In questo caso, l'entità non contiene il campo paymentMethod . Questo perché, nel nostro contesto di spedizione, non ci interessa quale metodo di pagamento viene utilizzato. Il contesto di spedizione è solo responsabile dell'elaborazione delle spedizioni degli ordini.

Inoltre, l' entità Pacco è specifica per il contesto di spedizione:

public class Parcel { private int orderId; private String address; private String trackingId; private List packageItems; public float calculateTotalWeight() { return packageItems.stream().map(PackageItem::getWeight) .reduce(0F, Float::sum); } public boolean isTaxable() { return calculateEstimatedValue() > 100; } public float calculateEstimatedValue() { return packageItems.stream().map(PackageItem::getWeight) .reduce(0F, Float::sum); } }

Come possiamo vedere, contiene anche metodi aziendali specifici e funge da radice aggregata.

Infine, definiamo il ParcelShippingService :

public class ParcelShippingService implements ShippingService { public static final String EVENT_ORDER_READY_FOR_SHIPMENT = "OrderReadyForShipmentEvent"; private ShippingOrderRepository orderRepository; private EventBus eventBus; private Map shippedParcels = new HashMap(); @Override public void shipOrder(int orderId) { Optional order = this.orderRepository.findShippableOrder(orderId); order.ifPresent(completedOrder -> { Parcel parcel = new Parcel(completedOrder.getOrderId(), completedOrder.getAddress(), completedOrder.getPackageItems()); if (parcel.isTaxable()) { // Calculate additional taxes } // Ship parcel this.shippedParcels.put(completedOrder.getOrderId(), parcel); }); } @Override public void listenToOrderEvents() { this.eventBus.subscribe(EVENT_ORDER_READY_FOR_SHIPMENT, new EventSubscriber() { @Override public  void onEvent(E event) { shipOrder(Integer.parseInt(event.getPayloadValue("order_id"))); } }); } @Override public Optional getParcelByOrderId(int orderId) { return Optional.ofNullable(this.shippedParcels.get(orderId)); } }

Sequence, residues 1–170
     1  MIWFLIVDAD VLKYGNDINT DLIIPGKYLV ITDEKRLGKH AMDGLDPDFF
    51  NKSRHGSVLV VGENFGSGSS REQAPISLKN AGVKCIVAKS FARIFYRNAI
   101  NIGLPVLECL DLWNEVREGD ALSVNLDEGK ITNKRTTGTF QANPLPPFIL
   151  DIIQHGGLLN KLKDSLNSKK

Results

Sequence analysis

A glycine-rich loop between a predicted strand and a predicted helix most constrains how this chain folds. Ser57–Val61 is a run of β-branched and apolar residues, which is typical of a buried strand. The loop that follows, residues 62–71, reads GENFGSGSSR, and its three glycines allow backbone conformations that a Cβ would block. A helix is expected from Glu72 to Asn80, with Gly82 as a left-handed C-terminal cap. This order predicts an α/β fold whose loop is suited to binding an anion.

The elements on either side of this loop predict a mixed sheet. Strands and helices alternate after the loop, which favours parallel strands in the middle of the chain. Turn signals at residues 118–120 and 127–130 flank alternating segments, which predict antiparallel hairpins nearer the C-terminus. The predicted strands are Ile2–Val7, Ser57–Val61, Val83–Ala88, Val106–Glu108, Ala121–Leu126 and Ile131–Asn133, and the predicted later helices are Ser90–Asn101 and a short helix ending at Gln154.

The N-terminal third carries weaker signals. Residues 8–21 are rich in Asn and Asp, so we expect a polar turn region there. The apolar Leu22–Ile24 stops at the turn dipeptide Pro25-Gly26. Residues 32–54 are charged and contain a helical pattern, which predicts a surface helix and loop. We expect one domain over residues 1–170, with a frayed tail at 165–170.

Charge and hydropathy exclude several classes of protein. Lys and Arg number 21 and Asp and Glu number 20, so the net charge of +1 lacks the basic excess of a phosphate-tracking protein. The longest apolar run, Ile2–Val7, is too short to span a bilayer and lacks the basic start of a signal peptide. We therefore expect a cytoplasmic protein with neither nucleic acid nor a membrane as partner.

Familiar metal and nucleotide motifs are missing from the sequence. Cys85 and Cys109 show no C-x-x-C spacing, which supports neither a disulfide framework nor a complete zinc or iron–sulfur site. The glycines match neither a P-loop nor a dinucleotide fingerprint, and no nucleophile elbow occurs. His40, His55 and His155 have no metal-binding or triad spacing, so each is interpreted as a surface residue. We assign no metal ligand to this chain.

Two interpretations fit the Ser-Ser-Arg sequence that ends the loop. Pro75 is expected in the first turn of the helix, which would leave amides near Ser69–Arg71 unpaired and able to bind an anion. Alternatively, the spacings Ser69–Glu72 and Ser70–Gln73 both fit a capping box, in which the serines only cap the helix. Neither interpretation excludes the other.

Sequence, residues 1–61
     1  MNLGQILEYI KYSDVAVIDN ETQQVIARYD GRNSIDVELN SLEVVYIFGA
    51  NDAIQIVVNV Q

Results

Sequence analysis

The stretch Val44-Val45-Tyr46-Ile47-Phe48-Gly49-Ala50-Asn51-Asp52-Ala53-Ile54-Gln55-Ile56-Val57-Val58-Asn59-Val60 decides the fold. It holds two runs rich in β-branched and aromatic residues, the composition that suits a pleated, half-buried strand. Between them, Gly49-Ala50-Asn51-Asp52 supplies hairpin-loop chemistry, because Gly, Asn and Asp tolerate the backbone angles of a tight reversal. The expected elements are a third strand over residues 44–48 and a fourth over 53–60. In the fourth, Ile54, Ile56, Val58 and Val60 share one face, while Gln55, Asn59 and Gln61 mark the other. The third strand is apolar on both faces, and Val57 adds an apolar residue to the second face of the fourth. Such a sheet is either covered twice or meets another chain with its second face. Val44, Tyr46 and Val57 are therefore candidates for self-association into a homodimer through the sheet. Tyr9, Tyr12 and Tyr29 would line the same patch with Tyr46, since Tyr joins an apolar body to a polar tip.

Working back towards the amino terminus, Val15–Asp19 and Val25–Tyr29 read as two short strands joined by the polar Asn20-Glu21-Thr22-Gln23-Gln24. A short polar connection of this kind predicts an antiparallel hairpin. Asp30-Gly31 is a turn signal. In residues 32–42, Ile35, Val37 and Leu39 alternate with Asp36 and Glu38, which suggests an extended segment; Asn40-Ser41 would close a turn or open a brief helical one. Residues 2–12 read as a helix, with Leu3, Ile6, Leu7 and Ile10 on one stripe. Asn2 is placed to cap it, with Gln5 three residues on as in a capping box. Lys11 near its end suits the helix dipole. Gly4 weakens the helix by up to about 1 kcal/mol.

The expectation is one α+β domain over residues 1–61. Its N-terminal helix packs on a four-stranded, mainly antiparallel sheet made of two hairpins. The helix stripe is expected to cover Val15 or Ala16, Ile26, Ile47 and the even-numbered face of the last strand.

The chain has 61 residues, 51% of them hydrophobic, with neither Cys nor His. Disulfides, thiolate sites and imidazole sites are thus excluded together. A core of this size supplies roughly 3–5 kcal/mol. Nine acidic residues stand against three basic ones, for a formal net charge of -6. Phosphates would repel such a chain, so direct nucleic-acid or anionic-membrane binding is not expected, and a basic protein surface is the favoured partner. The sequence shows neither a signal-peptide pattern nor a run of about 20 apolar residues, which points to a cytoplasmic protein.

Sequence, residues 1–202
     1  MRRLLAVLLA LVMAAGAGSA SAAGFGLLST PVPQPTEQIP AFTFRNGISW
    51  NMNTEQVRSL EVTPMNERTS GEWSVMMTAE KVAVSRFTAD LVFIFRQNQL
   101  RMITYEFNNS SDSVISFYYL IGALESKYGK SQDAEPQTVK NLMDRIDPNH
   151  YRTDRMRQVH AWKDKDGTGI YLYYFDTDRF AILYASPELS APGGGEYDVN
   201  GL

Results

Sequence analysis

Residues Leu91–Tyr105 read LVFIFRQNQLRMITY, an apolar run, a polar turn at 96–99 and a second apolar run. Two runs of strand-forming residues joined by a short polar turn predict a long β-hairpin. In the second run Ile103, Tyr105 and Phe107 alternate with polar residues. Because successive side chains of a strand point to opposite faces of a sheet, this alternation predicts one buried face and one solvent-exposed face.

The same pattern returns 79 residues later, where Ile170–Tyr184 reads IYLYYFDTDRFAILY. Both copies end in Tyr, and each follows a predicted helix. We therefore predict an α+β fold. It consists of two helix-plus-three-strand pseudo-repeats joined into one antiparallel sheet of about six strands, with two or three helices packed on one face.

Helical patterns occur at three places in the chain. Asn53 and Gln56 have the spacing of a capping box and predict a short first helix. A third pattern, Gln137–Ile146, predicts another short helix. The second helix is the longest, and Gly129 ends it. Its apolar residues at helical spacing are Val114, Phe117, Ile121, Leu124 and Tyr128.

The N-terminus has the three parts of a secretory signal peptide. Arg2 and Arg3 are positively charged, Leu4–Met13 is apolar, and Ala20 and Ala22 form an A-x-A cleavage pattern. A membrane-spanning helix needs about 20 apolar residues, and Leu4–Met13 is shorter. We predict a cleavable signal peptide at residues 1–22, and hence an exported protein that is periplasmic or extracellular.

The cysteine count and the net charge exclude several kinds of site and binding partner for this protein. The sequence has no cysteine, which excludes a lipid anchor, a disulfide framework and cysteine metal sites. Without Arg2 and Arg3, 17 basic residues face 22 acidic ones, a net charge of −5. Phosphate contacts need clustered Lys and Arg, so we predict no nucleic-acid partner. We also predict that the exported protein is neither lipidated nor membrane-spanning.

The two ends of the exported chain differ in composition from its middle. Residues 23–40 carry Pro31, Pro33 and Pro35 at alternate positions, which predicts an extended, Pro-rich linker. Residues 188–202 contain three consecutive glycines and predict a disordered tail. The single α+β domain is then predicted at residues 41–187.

Questo servizio utilizza in modo simile ShippingOrderRepository per il recupero degli ordini in base all'ID. Ancora più importante, si iscrive all'evento OrderReadyForShipmentEvent , che viene pubblicato da un altro contesto. Quando si verifica questo evento, il servizio applica alcune regole e spedisce l'ordine. Per semplicità, archiviamo gli ordini spediti in una HashMap .

3. Mappe di contesto

Finora abbiamo definito due contesti. Tuttavia, non abbiamo stabilito alcuna relazione esplicita tra loro. A questo scopo, DDD ha il concetto di Context Mapping. Una mappa di contesto è una descrizione visiva delle relazioni tra i diversi contesti del sistema . Questa mappa mostra come le diverse parti coesistono insieme per formare il dominio.

Esistono cinque tipi principali di relazioni tra contesti limitati:

  • Partnership - una relazione tra due contesti che cooperano per allineare le due squadre con obiettivi dipendenti
  • Kernel condiviso : una sorta di relazione quando parti comuni di diversi contesti vengono estratte in un altro contesto / modulo per ridurre la duplicazione del codice
  • Customer-supplier – a connection between two contexts, where one context (upstream) produces data, and the other (downstream) consume it. In this relationship, both sides are interested in establishing the best possible communication
  • Conformist – this relationship also has upstream and downstream, however, downstream always conforms to the upstream’s APIs
  • Anticorruption layer – this type of relationship is widely used for legacy systems to adapt them to a new architecture and gradually migrate from the legacy codebase. The Anticorruption layer acts as an adapter to translate data from the upstream and protect from undesired changes

In our particular example, we'll use the Shared Kernel relationship. We won't define it in its pure form, but it will mostly act as a mediator of events in the system.

Thus, the SharedKernel module won’t contain any concrete implementations, only interfaces.

Let’s start with the EventBus interface:

public interface EventBus {  void publish(E event);  void subscribe(String eventType, EventSubscriber subscriber);  void unsubscribe(String eventType, EventSubscriber subscriber); }

This interface will be implemented later in our Infrastructure module.

Next, we create a base service interface with default methods to support event-driven communication: